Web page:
Remove Tramp Oil before it Causes Damage
These oils can end up in the coolant sump and contaminate the metalworking fluid.
Have you ever been on a shop floor that reeks of sulfur, or have you walked by a machine on a shop floor that is covered with a layer of oil? If so, you’ve witnessed the results of tramp oil, and it’s not pretty.
Machine tools use various slideway lubricants and spindle oils for the lubrication of machine’s ways, ballscrews and spindle bearings. Unfortunately, these oils can end up in the coolant sump and thus contaminate the metalworking fluid. These tramp oils, which are common contaminants, can cause an increased level of oil mist and smoke formation if not removed in a timely manner. High levels of tramp oil in the coolant increases the potential for anaerobic bacteria (requiring no oxygen) to grow, which can produce a gas with a rotten egg smell. Acids are also produced from the gases and bacteria. The acids attack the metal surfaces of the machine tool and parts. Therefore, they need to be removed before problems occur.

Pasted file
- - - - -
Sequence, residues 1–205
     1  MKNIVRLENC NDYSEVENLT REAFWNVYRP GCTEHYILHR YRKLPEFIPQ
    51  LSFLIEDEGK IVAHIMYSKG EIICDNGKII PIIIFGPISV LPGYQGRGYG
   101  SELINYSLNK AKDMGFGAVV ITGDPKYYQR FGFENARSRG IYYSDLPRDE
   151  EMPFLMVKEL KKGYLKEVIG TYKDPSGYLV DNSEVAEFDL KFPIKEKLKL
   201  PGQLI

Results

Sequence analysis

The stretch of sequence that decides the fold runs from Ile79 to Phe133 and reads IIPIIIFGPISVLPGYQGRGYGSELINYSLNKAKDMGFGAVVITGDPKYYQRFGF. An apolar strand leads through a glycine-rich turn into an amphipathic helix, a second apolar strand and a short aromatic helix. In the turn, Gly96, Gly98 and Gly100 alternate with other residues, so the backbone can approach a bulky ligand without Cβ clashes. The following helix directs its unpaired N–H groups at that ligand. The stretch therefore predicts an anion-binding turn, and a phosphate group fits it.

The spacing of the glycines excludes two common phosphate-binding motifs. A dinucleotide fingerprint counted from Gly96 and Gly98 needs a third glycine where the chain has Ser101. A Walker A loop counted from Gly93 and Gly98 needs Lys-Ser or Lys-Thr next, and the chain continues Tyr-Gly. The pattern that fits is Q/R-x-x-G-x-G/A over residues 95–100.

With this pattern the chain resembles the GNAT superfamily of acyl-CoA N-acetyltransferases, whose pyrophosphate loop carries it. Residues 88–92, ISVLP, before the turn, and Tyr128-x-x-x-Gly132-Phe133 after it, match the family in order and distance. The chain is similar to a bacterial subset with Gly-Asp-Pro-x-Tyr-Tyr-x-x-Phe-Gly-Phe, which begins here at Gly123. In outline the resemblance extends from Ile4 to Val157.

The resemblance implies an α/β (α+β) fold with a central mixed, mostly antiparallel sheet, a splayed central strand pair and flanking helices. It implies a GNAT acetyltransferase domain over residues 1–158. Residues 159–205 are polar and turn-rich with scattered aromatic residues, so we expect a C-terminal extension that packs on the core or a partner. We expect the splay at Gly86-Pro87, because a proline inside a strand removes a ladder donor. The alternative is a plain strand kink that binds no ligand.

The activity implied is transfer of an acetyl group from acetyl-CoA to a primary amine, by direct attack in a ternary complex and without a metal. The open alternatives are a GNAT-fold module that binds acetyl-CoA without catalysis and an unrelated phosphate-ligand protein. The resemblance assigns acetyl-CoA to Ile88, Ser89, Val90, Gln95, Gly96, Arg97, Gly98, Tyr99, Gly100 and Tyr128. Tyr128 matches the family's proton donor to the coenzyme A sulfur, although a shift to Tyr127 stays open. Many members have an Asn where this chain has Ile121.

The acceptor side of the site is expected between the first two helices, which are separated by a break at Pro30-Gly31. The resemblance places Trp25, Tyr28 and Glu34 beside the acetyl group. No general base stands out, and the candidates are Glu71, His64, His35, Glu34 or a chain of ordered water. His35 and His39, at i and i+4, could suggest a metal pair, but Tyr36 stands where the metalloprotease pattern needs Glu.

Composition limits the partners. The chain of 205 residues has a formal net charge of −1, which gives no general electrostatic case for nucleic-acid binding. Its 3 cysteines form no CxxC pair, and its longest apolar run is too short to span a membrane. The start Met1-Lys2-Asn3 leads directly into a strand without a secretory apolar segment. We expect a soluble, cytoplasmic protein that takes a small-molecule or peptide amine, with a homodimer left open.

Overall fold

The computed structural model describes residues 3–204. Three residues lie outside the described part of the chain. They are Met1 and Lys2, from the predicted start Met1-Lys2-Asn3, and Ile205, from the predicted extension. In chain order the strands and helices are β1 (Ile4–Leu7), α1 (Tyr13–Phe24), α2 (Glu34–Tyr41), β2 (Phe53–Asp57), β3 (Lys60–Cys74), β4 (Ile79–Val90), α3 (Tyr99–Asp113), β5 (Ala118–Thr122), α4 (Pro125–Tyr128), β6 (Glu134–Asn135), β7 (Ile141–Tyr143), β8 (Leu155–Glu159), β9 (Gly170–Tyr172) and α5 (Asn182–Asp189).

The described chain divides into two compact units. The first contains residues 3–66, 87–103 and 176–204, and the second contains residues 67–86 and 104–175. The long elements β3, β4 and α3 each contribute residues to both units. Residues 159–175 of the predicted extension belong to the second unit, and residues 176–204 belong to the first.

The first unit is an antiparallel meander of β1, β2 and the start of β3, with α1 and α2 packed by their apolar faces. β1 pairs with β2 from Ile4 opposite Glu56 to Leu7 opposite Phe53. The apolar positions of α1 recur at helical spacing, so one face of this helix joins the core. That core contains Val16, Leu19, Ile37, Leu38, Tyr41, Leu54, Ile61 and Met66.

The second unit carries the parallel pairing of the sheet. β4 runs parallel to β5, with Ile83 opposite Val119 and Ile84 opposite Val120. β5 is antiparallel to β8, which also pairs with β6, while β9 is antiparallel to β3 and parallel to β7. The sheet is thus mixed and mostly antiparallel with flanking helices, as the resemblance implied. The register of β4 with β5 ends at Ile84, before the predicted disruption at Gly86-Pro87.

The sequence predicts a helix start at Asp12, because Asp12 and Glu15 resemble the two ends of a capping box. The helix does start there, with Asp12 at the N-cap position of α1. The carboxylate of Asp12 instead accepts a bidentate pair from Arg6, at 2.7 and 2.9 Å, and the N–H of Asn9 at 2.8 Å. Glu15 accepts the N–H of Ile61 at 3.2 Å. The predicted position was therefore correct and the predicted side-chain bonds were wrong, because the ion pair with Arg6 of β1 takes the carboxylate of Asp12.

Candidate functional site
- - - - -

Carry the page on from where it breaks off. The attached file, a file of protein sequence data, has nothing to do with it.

The most common tramp oil removal methods are skimmers, centrifuges and coalescers. By using the right tramp oil purification process and equipment, operations can see a 40 to 80 percent reduction in coolant purchases and a decrease in disposal costs.
To read about choosing a filtration device, read “Maximize Coolant Life with Efficient Tramp Oil Removal” and “Metalworking Fluid Management and Best Practices.”
In manufacturing, the term “exotic” is used to describe materials that display excellent wear characteristics, durability and service life in high heat, extreme cold or corrosive environments.
Like any metalworking process, honing relies on a systemized approach of components working in concert to deliver optimized results. Honing oil is one of these critical components, and this article examines the role it plays in a successful honing operation.
Increased demands for high surface finish and close part tolerance create a greater need for manufacturers to purify coolants that are constantly being cycled through precision machinery.